In the present era when Muslims are no more in the picture of science and technology, some people are of the notion that Muslims have always been backward as far as inventions and discoveries are concerned. They have coined term “Madrasa Men” for Muslims which in their terminology means “Ignorant and backward”.
Recently one of my friend using micro blogging site, Twitter asked: Who prepares medicine “Mullah or Scientist”? They have demarcated Muslims and science to such an extent that these terms seem to be antonyms.This comes as a challenge to the Muslim science student who doesn’t have access to his golden past. When we revisit our history, we find story contradictory to present scenario. One can hardly believe that we have been pioneers in the scientific field and have great contribution in the scientific world. Muslims have contributed in wide range subject areas especially astronomy, mathematics, medicine, chemistry, zoology, geography and cartography, optics and photography etc. Let me shed light on the role played by Muslims in these fields of science briefly.
According to Howard Turner, Muslims began the organized and detailed observations of the skies soon after the early expansion of Islam. This effort was naturally accelerated by the importance of moon and Sun in everyday life of Muslim. Because with the help of Moon, Muslims determine beginning and end of the month in their lunar calendar and with the help of Sun they calculate the times for prayers and fasting. Consequently, numbers of observatories were established at centres such as Rayy, Isfahan, and Shiraz in Persia, Egypt and the like. In the early part of the ninth century, Habash al-Hasib directed the composition of astronomical tables. In the second half of ninth century Al-Nairizi composed a great treatise on the spherical astrolabe. Muslim astronomer namely al-Battani made some of the most important contributions which led to the discovery of solar apsis.He also discovered a new method for determining the time of the vision of the new moon and made a detailed study of the solar and lunar eclipses, used as late as the eighteenth century by English astronomer Richard Dunthorn in his determination of the gradual change in lunar motion. Al-Biruni contributed by determining latitudes and longitudes, his contemporary Ibn Yunus was later applauded for his work by George Sarton, noted scientist. American Astronomer E.S Kennedy named planetary model as “Tusi-Couple” after Nisar–al-din al-Tusi’s contribution in explaining apparent motion of planets. Ibn al-Shatir completed the lunar model in his work entitled “A Text of the Final Inquiry in Amending the Elements”. It has been found that the lunar theory proposed two centuries later by Copernicus is almost the similar as that introduced by Ibn al-Shatir. There is a great probability that ibn al-Shatir’s views would have served as the base of the theory of Copernicus. Al-Zarqali, Al-Shirazi, Abu Sahl al-Kuhi, Abd al-Rahman al-Sufi, Abu Said al-Sijzi, Abul Wafa al-Buzjani, and al-Kirmani are some among other shining Muslim astronomers who have shown special interests in Astronomy.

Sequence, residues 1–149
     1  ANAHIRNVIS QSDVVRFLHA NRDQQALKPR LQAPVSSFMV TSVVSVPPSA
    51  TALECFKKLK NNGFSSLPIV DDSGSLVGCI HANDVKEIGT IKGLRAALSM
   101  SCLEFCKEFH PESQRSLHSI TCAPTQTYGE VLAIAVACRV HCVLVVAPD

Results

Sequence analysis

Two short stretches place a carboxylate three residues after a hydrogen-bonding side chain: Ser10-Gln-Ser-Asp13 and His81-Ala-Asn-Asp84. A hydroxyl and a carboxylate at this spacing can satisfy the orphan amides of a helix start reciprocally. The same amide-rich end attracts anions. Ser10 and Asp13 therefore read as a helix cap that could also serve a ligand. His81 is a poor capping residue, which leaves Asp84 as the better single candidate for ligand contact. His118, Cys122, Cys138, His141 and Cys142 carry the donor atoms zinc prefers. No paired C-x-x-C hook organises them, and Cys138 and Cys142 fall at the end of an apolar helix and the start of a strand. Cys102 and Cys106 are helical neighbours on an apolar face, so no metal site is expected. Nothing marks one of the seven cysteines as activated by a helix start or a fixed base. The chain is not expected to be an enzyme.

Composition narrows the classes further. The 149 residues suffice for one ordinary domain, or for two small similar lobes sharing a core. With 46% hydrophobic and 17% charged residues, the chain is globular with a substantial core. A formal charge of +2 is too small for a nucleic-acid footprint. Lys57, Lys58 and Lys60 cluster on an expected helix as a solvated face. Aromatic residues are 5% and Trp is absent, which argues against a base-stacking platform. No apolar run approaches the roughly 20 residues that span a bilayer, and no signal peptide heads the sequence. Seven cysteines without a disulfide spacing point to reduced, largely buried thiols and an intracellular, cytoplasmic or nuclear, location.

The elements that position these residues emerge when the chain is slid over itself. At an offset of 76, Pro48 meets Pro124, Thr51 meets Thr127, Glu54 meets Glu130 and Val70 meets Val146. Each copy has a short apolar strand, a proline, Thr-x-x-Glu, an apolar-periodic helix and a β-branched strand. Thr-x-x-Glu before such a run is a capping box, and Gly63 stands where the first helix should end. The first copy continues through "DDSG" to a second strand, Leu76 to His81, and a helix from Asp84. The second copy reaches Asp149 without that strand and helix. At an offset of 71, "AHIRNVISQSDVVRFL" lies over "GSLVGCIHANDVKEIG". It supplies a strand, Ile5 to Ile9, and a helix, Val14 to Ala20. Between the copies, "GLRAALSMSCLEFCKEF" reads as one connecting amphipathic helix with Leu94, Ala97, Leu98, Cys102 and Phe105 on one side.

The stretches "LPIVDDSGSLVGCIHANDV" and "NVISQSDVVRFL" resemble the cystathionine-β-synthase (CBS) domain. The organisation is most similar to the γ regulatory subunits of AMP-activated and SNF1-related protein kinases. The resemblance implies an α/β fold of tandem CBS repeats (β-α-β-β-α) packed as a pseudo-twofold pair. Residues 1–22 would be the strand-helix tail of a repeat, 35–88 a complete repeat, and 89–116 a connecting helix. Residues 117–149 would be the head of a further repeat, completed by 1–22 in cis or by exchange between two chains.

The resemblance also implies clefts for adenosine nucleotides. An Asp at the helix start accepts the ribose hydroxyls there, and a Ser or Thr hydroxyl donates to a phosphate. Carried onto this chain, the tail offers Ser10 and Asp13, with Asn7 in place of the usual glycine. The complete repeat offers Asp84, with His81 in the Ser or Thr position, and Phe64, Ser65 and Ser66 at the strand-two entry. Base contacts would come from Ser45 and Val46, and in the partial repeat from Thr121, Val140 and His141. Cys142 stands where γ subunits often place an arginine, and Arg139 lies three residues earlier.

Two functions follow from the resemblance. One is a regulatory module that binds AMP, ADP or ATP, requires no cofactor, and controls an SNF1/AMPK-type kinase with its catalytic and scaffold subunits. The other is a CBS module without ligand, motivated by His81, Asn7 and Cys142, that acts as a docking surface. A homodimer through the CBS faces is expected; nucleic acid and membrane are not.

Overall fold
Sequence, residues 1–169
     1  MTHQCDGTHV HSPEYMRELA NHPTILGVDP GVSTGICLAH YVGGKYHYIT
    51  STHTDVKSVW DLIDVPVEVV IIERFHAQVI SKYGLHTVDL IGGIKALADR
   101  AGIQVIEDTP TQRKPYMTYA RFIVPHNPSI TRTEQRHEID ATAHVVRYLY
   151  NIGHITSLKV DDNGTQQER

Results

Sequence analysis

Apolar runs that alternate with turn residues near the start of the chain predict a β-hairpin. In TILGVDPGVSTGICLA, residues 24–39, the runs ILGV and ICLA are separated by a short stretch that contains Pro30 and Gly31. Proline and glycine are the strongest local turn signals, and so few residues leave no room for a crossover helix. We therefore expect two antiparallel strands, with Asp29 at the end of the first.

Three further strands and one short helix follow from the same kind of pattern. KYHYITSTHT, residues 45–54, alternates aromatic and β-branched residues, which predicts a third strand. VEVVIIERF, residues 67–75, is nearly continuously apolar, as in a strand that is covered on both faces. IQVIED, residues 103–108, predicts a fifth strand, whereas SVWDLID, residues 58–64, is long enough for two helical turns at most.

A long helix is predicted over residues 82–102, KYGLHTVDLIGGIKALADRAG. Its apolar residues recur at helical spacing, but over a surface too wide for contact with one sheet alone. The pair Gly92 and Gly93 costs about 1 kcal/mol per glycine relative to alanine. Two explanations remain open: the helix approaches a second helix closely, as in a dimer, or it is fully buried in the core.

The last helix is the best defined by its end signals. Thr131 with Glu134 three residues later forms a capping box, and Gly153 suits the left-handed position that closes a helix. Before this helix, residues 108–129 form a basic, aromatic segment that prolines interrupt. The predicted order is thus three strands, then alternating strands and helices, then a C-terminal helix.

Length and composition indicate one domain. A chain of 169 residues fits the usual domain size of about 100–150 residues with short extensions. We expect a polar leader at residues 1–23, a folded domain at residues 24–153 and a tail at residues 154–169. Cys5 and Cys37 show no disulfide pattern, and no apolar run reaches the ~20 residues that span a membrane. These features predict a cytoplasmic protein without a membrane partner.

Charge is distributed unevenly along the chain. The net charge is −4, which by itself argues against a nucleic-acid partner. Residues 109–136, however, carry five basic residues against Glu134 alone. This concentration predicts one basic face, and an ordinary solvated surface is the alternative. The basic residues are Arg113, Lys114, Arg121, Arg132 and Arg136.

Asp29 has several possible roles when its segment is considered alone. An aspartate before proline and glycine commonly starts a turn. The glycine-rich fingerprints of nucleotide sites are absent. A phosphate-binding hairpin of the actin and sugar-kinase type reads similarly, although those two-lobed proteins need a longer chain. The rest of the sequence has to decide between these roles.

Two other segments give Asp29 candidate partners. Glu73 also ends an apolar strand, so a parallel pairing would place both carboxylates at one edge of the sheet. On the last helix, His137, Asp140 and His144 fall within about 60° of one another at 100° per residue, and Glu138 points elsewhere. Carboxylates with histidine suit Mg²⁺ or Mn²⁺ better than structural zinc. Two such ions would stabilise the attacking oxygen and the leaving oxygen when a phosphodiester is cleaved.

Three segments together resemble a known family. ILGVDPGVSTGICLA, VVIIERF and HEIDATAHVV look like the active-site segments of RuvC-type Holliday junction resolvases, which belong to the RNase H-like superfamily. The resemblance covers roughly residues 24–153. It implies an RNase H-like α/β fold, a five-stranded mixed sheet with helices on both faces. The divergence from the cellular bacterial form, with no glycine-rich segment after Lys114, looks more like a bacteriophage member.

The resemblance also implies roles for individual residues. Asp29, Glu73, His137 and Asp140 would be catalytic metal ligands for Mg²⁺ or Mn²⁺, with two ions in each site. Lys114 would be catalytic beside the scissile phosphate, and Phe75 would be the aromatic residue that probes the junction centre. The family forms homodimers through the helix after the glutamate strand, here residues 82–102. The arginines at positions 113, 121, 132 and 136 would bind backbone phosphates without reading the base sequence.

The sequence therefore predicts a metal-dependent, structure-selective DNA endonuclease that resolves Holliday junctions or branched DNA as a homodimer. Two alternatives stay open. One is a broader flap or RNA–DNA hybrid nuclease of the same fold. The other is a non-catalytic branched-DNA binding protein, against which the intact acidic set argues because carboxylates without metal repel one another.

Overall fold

One can hardly underestimate the role of Islamic mathematicians such as Al-Khwarizmi who developed methods in algebra, geometry and trigonometry. Muhammad Ibn Musa-Al Khwarizmi in his book “The Compendious Book on Calculation by Completion and Balancing” presented a first systematic solution to linear and quadratic equations in Arabic and explained how to use Algebraic equations with unknown variables and also established the basis of trigonometry. Algebra is considered one of the important contributions of Muslims to Modern Age. Ibn-Sina, died as polymath having a hold on medicine, mathematics, Chemistry in addition to philosophy. Ibn-Sina authored a five-volume medical encyclopedia: The Canon of Medicine (Book of healing). It was used as the standard medical textbook in the Islamic world and Europe up to the 18th century.The Canon still plays an important role in Unani Medicine. Ibn-Sina was at the forefront of Muslim discoveries in medicine. His discovery that tuberculosis was contagious and could be transmitted through the air earned him a position as one of the greatest physicians of all time. Even to this day, the quarantine methods he introduced have helped to limit the spread of infectious diseases. Al-Nafis and Abdul Lateef Al Baghdadi proved many opinions of Galen- who was regarded as a medical researcher in Roman Empire, about human physiology wrong and cleared several misconceptions.